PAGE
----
Monday, October 29, 2001

Last Day in Galway

Last Day in Galway

This was our last day in Galway. We bus off to Dublin once again tomorrow now that the Bank holiday and the national marathon is over with. We booked our B & B at the Dublin Tourist Office before leaving so that we had direction once we go off of the bus.

Today, we occupied our time by taking another Lally tour. For you future travelers, their web site is . Since we had taken their tour on Saturday, we received a one-pound discount each. Normal fare is fourteen pounds for younger people and our senior friends as well as students receive a discount bringing their fare to eleven pounds, fifty.

Today was the Burren and the Cliffs of Moher. The tour bus was supposed to pick us up at the B & B at 8:50 am, but did not turn up until 9:20 am. It usually would not be a problem, but it was very windy out today and being across the street from the Bay, it makes it feel worse; the wind chill factor is heightened. When the bus arrived, they brought us to the Lally station, which is across the street from the Tourist office. They don’t leave there until 10:10, so a ‘full day tour’ is a misnomer.

The seats on the bus were the most cramped we had ever experienced. Poor Ron had to keep his knees up to his chest most of the day. There was no room for long legs. Well when you travel in countries with short people, what can you expect? I had to fold my legs under the seat in order to survive the seats. Half way through the day, we switched. The aisles were so narrow; you could not spread your legs into the aisle without having the back of the seat digging into your back.

One of the things that we are learning about Irish tours, at least in the Galway area is that the brochures are very misleading. The brochures lead you to believe that you will be stopping at a number of sights along the way during the day. The truth is that since the roads are so narrow and in some areas poorly developed, the bus only drives by and you get a look. For example, the brochure advertises that we will stop at a number of picture stops including the Poulnabrone Dolmen. This is a 5,000-year-old megalithic burial tomb. We passed by it as the driver explained that it is on private land owned by a farmer. Last year, a woman from a tour walked out to the tomb and fell. She sued the farmer, who has a ‘No Trespassing’ sign on the gate. Since he does not have insurance, he was out of pocket for the expense that never should have happened. Returning to the tomb, it is two giant upright rocks with a two ton rock crossing over the two of them. Professors of Archeology at the University of Galway, found the remains of a man, woman, and two children that were carbon-dated to 5, 000 years ago. Nothing else is known about them.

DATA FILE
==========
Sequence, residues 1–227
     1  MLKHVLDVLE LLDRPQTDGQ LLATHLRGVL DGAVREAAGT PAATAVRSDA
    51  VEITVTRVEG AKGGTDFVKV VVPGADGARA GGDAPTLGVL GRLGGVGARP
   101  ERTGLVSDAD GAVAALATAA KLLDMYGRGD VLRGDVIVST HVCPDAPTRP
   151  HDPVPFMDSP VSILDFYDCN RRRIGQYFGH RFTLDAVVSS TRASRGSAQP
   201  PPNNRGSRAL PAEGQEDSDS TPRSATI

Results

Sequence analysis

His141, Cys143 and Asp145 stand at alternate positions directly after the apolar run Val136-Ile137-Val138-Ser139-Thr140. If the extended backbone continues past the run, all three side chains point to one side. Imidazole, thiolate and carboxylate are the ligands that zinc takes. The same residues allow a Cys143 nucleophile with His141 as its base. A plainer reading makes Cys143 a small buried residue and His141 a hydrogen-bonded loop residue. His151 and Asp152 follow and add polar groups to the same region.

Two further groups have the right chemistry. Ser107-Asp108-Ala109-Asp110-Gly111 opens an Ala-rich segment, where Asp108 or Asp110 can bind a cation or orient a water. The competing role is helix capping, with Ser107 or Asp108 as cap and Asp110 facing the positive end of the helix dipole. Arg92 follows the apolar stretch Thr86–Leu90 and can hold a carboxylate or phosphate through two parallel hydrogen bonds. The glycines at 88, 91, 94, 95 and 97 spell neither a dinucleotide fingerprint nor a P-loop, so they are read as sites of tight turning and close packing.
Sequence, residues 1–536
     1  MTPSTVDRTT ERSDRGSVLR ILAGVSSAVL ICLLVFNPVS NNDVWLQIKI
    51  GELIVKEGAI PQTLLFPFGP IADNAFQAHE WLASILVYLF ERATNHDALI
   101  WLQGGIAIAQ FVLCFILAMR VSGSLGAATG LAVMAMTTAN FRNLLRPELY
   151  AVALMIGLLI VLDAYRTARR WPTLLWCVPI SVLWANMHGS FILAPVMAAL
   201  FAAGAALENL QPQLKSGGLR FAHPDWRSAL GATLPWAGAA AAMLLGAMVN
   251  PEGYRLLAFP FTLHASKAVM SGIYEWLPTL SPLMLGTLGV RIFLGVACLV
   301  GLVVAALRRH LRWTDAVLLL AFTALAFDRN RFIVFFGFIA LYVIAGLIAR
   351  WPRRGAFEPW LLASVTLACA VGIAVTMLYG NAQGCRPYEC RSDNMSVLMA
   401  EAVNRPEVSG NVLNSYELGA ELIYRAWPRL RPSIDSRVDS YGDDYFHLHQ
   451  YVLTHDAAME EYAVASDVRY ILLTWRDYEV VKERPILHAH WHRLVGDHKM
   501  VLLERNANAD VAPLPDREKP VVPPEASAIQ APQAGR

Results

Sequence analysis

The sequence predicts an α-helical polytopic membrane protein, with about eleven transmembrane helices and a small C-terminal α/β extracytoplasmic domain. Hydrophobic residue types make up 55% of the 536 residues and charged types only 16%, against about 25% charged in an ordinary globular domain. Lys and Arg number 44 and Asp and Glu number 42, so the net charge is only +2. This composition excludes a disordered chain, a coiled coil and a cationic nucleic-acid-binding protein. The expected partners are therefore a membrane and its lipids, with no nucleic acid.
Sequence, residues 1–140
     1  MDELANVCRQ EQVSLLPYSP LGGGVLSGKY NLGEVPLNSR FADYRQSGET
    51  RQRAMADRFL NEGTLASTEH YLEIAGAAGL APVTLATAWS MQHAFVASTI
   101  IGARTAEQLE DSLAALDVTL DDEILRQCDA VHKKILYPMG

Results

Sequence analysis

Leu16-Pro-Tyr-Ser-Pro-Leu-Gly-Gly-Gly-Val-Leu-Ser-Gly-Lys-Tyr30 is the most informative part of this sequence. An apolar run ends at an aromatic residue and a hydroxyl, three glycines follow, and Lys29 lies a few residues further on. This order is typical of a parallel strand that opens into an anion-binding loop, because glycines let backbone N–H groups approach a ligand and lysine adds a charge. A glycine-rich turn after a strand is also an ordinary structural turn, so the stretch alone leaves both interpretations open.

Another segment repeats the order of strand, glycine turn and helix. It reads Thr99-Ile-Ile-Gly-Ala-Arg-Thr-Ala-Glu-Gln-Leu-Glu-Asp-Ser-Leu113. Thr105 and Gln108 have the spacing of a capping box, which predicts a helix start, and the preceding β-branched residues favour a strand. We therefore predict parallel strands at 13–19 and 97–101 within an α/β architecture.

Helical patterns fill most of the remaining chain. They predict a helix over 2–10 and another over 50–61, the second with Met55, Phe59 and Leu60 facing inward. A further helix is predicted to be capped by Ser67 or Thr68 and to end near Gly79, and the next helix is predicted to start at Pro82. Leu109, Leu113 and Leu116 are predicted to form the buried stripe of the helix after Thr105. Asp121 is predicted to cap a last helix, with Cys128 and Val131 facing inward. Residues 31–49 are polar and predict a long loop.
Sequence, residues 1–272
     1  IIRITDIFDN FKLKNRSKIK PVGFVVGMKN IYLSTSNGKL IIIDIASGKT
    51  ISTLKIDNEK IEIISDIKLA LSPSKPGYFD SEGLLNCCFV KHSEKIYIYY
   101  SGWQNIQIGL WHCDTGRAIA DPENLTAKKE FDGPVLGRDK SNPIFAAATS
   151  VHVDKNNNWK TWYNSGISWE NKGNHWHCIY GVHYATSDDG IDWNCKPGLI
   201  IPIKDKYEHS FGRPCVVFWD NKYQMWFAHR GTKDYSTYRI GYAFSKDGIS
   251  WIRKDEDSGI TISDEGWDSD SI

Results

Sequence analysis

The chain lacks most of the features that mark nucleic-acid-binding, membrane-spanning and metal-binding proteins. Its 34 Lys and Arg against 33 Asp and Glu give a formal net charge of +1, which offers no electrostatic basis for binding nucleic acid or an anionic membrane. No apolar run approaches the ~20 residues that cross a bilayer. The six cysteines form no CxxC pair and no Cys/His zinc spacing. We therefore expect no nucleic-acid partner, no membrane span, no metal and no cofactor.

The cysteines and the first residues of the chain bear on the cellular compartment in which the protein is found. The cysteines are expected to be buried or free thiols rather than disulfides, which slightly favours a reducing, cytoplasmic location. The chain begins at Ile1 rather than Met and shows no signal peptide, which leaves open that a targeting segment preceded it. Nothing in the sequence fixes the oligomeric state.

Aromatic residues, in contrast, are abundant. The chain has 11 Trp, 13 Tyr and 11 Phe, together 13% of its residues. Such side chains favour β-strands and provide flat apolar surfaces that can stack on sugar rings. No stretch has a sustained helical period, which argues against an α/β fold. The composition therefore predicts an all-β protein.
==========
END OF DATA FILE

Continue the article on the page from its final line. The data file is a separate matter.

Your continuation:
A second example is where the literature states that we will visit places such as Doolin. This is the home of traditional Irish music. The driver/tour guide explained that this is the city where every man, woman, and child is involved in Irish music and instruments. They have music camps here for those that are interested in learning more. We drove through the town and did not even stop for a traffic light. We were told that if this was one of our interests, to be sure and return to this town. Pardon me, but isn’t this the reason we are taking a tour and not renting a car?

We had three actual stops, but one was only a tea or coffee stop with a restroom. The pub where we first stopped had a fire roaring in the fireplace so it was a cozy place to curl up for a stretch. For the second stop, we found ourselves at the Cliffs of Moher, one of the primary reasons for taking the tour. The cliffs are over six hundred and sixty feet above the ocean. The driver warned us repeatedly not to go near the cliff. He said there are rock fences that we will be safe and secure if we do not go beyond them. He warned that every year people die by taking risks trying to see over the edge. The winds pick up and stop suddenly and without warning. At one moment you feel like the wind is supporting you and then it stops and you are falling toward your last dip in the ocean ever. There is a paved path to the right and a dirt path to the left. We were told that the path to the left was private land and we were not to use that path. That side did not have security fences either. The right path was to the right. There were signs in six languages with warnings all along the path, not to go beyond the security walls. There were at least two dozen people that were over the walls and crawling to the edge. I was waiting to see a catastrophe happen while we were there.